In the 11th to the 13th centuries, the natural economy had still existed in England and the large majority of the population had produced all the necessities of life for themselves. This is why the demand of goods at the market was so low and competition of non-guildsmen was dangerous. It was very important for townsmen to produce articles of higher quality than those that were produced by village artisans and to exercise absolute control over the town market. The guild also exacted high tolls on artisans and merchants that would come from other towns, so as to protect the guildsmen from their competition. It would also try to prevent competition among its own men as well.
A guild would forbid those that were competing to win over their competitors customers. They also would limit the production of each workshop so to ensure the sale of goods for every craftsman. This system secured favorable conditions for the development of crafts and trade in these centuries. It would unit the town artisans and helped them to start and practice their craft and helped them defend their town from predatory raids of the feudal lords. As a result, the number of craftsmen in towns increased and newer crafts would soon appear. An English craftsman became highly skilled and some of the goods he produced were among the best in Europe. For instance, at foreign markets, the scarlet that was produced in Lincoln, or blue woolen stuff of Beverley were famous for their high quality alongside the best well-known Italian and Flemish articles.
Not everything was good in the 13th century either, but the world was growing. Guilds, like any other organization, had good things that came from them as well as bad. People will worry today, in 2016, about small business owners going under and the world losing part of its past, but guilds, to me, seem that they did the same thing for people of that century. In order to progress we have to let things grow, but at the same time, we should never forget about where we came from. Before this time, most people did not have surnames. They instead would have been known by where they were from. For an example I will use my dad’s first name, Edward, and where he was born, Pittsburgh. So before this time he would have been Edward of Pittsburgh or Edward de Pittsburgh. Sounds pretty funny, mostly just because I know him today as Edward Siceloff. By the 13th century some people took surnames to define their craft, Edward de Pittsburgh could have become Edward Smith. My grandfather was a machinist so I am guessing he probably would have been involved with smithing, which would have been what my father took on as well, hence the name of Edward Smith. Much different than what my father is now, and far far different than what my brother is.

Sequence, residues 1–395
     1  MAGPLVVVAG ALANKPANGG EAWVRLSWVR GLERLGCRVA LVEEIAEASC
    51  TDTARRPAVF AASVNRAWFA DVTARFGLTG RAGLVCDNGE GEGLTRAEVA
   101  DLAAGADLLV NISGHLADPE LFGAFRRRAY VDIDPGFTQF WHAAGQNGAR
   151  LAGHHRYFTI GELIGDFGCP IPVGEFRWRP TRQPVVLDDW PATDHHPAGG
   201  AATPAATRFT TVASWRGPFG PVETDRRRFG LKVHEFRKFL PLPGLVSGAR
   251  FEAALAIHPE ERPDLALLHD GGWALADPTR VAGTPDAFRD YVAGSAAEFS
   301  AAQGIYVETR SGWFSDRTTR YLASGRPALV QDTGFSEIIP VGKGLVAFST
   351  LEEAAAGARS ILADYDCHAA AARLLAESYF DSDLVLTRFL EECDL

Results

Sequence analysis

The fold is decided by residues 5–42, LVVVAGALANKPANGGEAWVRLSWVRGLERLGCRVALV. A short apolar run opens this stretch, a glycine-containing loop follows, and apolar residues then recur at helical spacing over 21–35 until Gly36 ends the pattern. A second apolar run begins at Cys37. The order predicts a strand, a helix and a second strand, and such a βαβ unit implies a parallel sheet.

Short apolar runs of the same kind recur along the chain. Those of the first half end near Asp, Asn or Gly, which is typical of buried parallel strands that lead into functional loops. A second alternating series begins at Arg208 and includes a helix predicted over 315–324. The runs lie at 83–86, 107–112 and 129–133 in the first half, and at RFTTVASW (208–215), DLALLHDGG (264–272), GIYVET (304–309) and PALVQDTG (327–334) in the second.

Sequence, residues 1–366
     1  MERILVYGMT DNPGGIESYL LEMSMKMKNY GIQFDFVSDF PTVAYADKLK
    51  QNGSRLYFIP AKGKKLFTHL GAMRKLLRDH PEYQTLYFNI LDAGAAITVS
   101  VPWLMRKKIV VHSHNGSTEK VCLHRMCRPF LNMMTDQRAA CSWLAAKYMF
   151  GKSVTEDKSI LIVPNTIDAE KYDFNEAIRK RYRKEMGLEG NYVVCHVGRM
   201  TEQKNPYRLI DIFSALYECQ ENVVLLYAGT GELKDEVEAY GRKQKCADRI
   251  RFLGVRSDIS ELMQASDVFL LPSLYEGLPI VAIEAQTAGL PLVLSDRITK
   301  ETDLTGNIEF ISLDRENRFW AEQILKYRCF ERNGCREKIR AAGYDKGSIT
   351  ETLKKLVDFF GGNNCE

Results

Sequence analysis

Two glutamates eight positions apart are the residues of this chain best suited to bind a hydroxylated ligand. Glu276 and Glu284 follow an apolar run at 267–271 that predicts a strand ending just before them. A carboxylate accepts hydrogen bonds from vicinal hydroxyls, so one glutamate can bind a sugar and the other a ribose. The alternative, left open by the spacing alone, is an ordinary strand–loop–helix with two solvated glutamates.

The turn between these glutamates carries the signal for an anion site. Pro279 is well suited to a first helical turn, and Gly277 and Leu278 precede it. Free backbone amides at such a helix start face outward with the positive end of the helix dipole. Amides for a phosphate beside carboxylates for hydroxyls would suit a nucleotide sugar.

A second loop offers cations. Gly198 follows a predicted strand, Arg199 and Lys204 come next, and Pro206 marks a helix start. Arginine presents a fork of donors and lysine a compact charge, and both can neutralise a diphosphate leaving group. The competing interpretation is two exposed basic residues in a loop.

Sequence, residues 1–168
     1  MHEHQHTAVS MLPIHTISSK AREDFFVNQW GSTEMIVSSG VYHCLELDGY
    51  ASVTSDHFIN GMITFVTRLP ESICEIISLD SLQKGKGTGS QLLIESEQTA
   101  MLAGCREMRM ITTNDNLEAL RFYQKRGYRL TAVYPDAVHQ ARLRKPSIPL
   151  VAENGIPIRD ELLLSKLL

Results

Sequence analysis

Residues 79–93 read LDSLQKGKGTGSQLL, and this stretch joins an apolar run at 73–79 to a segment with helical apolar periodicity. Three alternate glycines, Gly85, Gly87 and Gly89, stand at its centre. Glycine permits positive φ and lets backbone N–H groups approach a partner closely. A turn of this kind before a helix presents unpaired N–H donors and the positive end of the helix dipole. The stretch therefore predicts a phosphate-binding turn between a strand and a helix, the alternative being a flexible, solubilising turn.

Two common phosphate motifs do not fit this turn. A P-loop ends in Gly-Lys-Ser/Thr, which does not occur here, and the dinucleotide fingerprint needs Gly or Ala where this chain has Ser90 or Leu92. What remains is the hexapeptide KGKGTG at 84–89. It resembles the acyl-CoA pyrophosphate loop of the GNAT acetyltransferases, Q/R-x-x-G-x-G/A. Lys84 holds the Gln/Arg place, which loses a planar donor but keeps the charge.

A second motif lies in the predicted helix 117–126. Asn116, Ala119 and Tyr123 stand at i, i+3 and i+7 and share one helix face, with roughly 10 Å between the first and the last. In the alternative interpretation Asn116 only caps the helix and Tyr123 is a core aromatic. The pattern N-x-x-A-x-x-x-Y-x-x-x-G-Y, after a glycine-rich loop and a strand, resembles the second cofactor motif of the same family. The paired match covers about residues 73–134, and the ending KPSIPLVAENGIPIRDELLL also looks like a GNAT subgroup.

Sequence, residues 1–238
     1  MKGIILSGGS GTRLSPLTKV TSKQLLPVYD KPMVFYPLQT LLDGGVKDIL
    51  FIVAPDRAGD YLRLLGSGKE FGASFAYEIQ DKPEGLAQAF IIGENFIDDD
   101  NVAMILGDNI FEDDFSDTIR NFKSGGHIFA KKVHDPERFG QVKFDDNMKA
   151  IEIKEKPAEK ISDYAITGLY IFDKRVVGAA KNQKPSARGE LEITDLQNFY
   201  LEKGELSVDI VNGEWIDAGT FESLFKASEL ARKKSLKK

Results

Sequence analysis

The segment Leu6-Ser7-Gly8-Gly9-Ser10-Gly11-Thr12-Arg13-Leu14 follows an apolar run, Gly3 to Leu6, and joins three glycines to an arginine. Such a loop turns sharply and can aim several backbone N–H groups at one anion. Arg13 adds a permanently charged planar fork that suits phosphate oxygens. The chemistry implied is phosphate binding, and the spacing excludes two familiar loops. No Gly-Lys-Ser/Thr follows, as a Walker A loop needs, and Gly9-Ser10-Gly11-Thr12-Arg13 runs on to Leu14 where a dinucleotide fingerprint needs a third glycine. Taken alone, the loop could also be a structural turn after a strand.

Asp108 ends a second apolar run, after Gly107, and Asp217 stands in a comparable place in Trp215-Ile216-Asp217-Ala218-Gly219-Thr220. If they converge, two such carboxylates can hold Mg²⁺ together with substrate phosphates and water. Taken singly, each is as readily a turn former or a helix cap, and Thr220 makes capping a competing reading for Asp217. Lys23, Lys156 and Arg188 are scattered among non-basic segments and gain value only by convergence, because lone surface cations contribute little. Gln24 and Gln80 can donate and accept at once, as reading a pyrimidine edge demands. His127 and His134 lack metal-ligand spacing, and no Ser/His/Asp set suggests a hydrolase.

Without our ancestors from the 13th century, without these guilds, and their crafts that they took on, who would we be today? Would have ever had bakeries? Would we have had firearms to defend ourselves? What would our names be, how would we define ourselves? We are who we are today because of those that lived before us.